Thu 4 May 2006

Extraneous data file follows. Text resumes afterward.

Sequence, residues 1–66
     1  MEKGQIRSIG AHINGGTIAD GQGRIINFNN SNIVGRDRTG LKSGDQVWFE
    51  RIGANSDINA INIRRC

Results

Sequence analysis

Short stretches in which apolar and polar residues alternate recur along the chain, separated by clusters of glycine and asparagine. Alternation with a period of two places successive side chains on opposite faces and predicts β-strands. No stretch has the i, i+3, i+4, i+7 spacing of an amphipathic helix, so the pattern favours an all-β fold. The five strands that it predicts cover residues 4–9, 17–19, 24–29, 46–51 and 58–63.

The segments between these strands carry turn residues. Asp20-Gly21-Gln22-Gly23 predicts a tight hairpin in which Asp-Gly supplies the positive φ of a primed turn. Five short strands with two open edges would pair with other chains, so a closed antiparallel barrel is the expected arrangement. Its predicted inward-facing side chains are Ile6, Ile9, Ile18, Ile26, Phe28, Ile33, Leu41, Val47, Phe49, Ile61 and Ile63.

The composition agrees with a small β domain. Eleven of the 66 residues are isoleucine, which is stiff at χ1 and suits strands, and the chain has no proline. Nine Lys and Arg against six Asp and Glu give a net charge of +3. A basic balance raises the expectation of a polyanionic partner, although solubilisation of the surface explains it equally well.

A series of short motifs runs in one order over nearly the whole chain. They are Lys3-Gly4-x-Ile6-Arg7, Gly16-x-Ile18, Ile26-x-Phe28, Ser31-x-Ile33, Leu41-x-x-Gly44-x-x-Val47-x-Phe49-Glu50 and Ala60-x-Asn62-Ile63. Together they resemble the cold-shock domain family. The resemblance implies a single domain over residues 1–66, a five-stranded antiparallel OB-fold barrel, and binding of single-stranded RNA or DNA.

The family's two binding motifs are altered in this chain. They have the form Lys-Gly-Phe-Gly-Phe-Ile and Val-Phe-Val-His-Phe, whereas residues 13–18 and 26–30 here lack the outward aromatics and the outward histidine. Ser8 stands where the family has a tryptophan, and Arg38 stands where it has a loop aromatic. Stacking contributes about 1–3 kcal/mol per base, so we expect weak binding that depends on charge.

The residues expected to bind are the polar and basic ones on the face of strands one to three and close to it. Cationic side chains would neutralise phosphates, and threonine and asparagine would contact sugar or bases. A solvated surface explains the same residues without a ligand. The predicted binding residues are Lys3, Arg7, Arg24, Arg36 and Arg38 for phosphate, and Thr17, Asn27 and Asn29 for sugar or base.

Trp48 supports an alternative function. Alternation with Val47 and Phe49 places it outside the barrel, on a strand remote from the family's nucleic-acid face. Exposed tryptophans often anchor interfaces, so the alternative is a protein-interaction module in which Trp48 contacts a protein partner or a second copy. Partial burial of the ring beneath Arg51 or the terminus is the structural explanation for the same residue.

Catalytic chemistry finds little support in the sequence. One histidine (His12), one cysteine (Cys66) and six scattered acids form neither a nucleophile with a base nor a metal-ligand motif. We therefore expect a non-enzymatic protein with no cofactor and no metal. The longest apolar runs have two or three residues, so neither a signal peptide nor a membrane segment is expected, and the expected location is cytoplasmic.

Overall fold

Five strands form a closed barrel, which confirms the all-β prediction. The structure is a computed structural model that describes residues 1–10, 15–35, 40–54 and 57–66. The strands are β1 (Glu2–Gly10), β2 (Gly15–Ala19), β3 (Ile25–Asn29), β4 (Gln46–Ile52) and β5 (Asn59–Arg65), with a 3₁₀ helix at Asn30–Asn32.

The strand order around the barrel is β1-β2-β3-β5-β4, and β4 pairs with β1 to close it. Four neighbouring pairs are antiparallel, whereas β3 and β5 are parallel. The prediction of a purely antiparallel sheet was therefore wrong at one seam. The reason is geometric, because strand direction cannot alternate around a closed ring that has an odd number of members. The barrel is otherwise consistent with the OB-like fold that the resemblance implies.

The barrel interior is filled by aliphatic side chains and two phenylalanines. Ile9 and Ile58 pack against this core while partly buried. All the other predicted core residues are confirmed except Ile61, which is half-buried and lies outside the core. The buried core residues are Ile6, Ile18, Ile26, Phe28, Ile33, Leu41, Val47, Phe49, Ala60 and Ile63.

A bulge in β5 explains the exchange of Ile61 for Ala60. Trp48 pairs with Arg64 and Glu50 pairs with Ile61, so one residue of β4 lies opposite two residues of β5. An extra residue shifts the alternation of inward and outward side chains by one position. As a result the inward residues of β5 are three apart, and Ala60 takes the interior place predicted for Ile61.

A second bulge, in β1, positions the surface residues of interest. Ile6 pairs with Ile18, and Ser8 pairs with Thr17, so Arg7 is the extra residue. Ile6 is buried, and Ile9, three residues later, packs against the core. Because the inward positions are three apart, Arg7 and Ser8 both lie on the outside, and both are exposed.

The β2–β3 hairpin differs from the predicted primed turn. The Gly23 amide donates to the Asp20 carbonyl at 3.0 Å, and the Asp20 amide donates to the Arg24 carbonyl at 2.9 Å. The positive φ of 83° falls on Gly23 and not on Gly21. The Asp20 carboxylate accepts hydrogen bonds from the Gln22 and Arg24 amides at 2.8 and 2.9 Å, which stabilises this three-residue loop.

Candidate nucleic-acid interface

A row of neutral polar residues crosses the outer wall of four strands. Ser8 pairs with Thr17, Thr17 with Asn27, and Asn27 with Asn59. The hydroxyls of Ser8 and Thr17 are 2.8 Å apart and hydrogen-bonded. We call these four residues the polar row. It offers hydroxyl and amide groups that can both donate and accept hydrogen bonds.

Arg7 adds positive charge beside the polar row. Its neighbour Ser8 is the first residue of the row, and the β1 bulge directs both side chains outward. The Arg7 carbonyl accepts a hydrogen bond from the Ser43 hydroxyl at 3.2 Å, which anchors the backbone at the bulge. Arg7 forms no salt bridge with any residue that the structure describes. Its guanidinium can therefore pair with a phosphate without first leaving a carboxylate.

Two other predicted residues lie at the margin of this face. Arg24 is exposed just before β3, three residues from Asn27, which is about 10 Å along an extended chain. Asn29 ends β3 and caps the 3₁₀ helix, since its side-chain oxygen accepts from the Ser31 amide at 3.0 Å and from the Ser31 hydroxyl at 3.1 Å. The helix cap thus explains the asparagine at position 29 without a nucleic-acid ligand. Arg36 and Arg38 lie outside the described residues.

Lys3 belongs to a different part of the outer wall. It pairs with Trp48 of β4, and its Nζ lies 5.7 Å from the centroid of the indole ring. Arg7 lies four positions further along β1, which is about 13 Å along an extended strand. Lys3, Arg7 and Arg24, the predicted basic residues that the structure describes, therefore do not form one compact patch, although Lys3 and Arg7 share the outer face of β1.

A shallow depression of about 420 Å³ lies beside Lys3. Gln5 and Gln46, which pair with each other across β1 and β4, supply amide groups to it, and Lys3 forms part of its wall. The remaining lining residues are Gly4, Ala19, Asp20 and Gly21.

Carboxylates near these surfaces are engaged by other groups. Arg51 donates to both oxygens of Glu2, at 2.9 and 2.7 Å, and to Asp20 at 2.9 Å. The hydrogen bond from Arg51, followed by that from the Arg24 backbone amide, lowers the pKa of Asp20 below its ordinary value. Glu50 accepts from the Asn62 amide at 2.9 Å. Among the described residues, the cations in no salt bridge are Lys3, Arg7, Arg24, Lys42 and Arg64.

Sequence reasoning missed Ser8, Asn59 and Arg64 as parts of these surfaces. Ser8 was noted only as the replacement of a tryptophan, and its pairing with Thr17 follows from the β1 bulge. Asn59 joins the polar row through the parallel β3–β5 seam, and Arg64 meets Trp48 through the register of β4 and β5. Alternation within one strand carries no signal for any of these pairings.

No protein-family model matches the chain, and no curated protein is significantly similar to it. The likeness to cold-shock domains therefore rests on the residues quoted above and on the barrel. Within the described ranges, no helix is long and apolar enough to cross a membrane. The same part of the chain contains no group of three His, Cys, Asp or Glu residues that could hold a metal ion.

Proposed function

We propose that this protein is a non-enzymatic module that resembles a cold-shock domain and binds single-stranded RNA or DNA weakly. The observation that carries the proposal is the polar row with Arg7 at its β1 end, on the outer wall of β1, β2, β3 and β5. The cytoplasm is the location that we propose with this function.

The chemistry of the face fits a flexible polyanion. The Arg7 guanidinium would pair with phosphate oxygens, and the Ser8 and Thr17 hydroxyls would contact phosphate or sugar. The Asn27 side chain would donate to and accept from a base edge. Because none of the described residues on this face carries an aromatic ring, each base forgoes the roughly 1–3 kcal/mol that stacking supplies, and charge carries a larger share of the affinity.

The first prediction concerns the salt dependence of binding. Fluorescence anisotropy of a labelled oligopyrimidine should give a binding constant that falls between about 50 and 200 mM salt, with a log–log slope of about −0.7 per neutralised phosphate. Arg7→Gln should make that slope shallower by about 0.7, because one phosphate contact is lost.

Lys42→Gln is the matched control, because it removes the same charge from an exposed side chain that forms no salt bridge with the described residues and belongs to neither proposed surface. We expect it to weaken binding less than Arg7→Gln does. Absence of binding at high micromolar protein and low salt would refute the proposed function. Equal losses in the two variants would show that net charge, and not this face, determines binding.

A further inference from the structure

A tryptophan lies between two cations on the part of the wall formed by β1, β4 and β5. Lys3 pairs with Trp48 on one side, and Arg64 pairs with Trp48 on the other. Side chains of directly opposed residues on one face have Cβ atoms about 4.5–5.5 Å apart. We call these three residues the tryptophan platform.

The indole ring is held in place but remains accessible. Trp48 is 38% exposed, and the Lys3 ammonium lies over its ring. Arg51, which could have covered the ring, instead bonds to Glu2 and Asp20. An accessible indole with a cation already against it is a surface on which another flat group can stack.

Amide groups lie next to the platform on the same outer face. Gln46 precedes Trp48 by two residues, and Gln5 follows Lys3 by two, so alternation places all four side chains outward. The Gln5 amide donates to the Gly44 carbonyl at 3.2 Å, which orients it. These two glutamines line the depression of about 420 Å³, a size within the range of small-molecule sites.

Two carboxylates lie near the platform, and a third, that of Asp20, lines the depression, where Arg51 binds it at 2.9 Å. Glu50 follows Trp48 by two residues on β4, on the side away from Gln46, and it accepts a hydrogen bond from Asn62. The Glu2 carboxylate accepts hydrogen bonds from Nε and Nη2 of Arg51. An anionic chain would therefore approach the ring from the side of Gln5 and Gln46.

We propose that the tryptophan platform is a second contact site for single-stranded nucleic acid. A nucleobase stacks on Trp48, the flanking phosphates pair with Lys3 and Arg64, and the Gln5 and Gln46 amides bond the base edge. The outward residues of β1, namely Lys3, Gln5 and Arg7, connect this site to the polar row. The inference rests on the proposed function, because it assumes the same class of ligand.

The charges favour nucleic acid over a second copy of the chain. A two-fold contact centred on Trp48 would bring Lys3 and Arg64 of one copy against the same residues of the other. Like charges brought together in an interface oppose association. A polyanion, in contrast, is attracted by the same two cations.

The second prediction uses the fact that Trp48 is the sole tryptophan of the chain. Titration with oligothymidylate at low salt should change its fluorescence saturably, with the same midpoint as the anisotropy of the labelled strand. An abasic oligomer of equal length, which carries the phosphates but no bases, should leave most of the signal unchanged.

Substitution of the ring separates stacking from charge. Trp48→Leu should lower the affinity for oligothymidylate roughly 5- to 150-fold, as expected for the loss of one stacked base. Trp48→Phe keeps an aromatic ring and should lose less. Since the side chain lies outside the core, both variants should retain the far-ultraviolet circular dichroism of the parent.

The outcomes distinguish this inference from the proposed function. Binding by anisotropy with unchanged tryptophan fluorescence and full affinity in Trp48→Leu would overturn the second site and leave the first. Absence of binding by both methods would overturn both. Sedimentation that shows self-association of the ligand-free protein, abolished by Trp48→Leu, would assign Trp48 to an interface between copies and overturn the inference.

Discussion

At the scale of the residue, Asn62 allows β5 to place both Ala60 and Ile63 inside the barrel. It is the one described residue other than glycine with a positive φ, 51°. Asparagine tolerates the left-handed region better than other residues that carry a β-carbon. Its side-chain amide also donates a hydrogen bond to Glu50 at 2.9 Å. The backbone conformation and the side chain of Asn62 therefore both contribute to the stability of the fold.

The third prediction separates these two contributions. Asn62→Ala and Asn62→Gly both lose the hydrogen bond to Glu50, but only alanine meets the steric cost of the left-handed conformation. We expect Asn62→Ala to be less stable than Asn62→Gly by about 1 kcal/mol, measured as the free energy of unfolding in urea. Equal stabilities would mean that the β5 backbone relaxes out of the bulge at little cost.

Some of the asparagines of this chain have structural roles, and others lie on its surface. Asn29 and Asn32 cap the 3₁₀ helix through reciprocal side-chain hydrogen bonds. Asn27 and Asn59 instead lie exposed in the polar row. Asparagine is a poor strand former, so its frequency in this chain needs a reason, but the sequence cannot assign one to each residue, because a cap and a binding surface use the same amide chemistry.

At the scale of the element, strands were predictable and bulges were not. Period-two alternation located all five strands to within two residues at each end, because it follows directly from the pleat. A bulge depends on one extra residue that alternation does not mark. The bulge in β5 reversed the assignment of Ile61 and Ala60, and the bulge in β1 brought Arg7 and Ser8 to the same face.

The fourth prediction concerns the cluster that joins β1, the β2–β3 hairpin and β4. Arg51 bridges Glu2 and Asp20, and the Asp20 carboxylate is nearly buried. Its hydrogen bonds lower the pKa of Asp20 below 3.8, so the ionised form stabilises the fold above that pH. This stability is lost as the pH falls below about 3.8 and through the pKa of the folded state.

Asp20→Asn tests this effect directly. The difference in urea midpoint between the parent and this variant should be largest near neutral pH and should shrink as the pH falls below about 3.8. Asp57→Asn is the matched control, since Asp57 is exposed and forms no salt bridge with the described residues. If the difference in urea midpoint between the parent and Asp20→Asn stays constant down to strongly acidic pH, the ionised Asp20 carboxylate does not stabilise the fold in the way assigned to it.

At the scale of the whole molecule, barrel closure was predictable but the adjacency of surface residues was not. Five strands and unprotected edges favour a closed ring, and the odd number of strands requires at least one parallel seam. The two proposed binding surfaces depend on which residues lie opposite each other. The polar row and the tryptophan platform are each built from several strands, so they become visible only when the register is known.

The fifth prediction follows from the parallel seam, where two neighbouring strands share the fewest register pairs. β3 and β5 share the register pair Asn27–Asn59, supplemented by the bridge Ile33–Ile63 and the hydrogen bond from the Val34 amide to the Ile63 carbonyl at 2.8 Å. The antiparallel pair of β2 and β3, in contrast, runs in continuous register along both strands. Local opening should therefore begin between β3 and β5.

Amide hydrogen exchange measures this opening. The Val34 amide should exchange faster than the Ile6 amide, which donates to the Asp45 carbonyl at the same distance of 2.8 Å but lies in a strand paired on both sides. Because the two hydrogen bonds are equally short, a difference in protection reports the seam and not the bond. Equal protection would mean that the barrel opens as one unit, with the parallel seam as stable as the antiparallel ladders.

In my Kabbalah class our professor shared the quote “One generation’s revolution becomes another generations fundamentalism” (Ariel pg. 192). This is illustrated in the failure of the Acid Test in The Electric Kool-Aid Test. Kesey and the Pranksters are viewed as squares, because their actions have in part become the norm. Much before the last Acid Test, Mountain Girl observes this. Wolfe says she thinks “‘I have to come here with a bunch of old men who never saw and rock ’n’ roll show before.’” (Wolfe 209). In connection to The Beatles show, the Pranksters paved the way for The Beatles’ movie by “welcoming” them to the scene (213). By pushing the envelope, the Pranksters make it acceptable to be more extreme, as far as counter culture. However, the next generation takes that for granted and then the Acid Test fails. I think that Kesey is being too hard on himself and the others when he says that they “blew it” (411). I think that they just weren’t ready to accept that they were being replaced by the new generation. For them, the last Acid Test was a wake up call.